By now I am sure it is common knowledge that doctors are often paid by drug companies and by the manufacturers of medical devices. There is a strong correlation between the amount of a company’s drugs a doctor prescribes and the amount he or she receives from the drug company. The more you prescribe, the more you usually get paid. Similarly, those who use the most devices from a manufacturer receive the most payments. Doctors typically feel no great urgency to inform their patients that they may be receiving what some would call a “kickback” for prescribing a medicine or a device for the patient. These payments raise questions of medical secrecy, ethics and conflicts of interest.
Similar issues arise when a doctor writes an article for a medical journal. These articles are used to announce medical advances, medical discoveries, and the results of studies. They are an important source of information for doctors about news which may affect their practices and their patients. Virtually all medical journals require that authors disclose any conflicts of interest they may have so that readers can take those potential conflicts into account in assessing the weight to give to the article. Turns out many authors do not disclose their conflicts.
In a recent article in the online version of JAMA Surgery, a team of researchers compared public data about drug company and device manufacturer payments with conflict disclosures in articles written by doctors who had received these payments. The researchers identified the top 100 recipients of payments, looked for articles they had written in medical journals and then checked to see if their payments had been disclosed. They discovered that the payments were reported only about 1/3 of the time.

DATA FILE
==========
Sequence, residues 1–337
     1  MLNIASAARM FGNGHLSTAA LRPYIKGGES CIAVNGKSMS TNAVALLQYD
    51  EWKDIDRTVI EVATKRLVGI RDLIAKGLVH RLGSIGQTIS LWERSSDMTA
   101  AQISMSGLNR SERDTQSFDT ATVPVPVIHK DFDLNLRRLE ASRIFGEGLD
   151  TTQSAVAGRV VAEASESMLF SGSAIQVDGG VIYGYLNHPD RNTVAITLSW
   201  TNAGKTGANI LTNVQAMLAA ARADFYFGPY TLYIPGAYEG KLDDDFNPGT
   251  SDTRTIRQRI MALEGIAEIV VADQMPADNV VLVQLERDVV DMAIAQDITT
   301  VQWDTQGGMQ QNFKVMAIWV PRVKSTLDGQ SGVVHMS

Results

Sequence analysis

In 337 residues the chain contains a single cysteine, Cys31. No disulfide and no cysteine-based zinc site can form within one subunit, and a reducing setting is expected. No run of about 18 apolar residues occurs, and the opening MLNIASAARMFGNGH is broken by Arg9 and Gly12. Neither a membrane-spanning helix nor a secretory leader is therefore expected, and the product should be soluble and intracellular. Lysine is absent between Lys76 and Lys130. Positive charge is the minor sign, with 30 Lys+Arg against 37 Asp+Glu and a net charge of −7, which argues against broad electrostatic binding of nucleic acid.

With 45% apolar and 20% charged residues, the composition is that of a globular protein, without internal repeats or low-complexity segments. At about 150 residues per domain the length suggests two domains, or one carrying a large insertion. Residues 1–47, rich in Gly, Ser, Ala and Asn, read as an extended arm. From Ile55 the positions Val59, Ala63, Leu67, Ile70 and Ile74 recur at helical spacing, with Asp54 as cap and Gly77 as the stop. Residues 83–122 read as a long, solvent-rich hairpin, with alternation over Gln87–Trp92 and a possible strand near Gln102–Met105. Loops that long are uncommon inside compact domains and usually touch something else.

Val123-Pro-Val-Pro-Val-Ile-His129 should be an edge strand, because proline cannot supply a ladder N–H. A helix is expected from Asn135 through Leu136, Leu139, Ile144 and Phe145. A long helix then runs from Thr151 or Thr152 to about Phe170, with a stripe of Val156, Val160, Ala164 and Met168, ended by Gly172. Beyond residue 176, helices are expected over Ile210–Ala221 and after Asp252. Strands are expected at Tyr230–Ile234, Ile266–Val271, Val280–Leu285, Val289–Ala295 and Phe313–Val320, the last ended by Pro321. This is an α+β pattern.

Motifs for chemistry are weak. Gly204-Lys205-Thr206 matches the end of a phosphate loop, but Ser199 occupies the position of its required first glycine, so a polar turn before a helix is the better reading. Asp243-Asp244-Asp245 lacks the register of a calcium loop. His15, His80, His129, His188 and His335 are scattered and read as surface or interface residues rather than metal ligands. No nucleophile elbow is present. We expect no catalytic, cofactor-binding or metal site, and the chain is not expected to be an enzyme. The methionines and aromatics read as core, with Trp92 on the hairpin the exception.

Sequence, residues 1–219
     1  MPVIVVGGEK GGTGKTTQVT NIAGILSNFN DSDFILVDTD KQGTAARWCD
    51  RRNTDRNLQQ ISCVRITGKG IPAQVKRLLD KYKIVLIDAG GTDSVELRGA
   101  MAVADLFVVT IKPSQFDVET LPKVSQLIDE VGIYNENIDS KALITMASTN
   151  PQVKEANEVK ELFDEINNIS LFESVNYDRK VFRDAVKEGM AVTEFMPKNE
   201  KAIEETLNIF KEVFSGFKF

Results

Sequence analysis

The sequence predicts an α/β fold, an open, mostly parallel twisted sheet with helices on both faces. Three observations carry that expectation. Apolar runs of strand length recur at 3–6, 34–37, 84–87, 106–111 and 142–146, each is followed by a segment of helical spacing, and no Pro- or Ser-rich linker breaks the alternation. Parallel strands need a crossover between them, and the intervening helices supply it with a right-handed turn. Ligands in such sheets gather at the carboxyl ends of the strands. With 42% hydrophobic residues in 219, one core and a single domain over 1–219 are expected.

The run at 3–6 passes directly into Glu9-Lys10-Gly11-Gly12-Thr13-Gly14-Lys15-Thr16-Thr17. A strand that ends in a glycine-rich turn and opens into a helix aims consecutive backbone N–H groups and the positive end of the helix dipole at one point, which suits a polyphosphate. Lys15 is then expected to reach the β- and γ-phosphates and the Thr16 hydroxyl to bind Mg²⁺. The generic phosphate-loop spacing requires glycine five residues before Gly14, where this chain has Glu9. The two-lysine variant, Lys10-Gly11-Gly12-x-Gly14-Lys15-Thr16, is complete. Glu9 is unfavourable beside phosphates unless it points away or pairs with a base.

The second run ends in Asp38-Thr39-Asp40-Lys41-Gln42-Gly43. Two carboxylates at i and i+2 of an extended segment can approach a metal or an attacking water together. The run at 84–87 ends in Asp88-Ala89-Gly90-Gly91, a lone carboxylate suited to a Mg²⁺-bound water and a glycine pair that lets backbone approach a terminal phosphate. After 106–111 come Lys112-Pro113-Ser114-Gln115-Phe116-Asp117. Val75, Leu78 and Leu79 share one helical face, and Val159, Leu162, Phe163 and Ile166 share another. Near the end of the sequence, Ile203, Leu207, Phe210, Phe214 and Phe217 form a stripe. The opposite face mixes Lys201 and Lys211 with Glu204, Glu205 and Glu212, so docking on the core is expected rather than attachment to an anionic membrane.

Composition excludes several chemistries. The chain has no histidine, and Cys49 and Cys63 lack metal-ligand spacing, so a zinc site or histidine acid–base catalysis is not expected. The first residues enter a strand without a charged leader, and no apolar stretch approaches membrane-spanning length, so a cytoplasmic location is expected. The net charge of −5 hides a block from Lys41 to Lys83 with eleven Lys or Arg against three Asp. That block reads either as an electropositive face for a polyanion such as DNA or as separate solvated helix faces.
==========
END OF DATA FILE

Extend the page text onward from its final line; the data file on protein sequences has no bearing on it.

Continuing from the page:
The payments in question were not small. For calendar year 2015, the top 100 recipients received a total of almost $12,500,000. The average payments received by each of them was $95,000.
The researchers hypothesized that the failure to disclose may have resulted from a conclusion by the author that the payments did not create a conflict of interest for the article in question. Of course, the authors may have been wrong about the existence of a conflict or may simply not have wanted the payments to be disclosed. Better that all payments be disclosed and let the readers decide if there is a conflict or not. For that reason, the researchers propose a uniform conflict policy for all medical journals regardless of whether the author believes the payments to be relevant to the article or not.
Over and over again we see the pernicious effects of secrecy and lack of transparency in all aspects of the delivery of medical care. Malpractice is hidden; bad doctors are hidden; costs of medical treatment are hidden. One thing that is certain is that secrecy and lack of transparency do not benefit patients or the community as a whole. Secrecy is used to make it harder for patients and others to know what is going on and to make decisions accordingly. As long as hospitals and doctors run the system, there will be little change.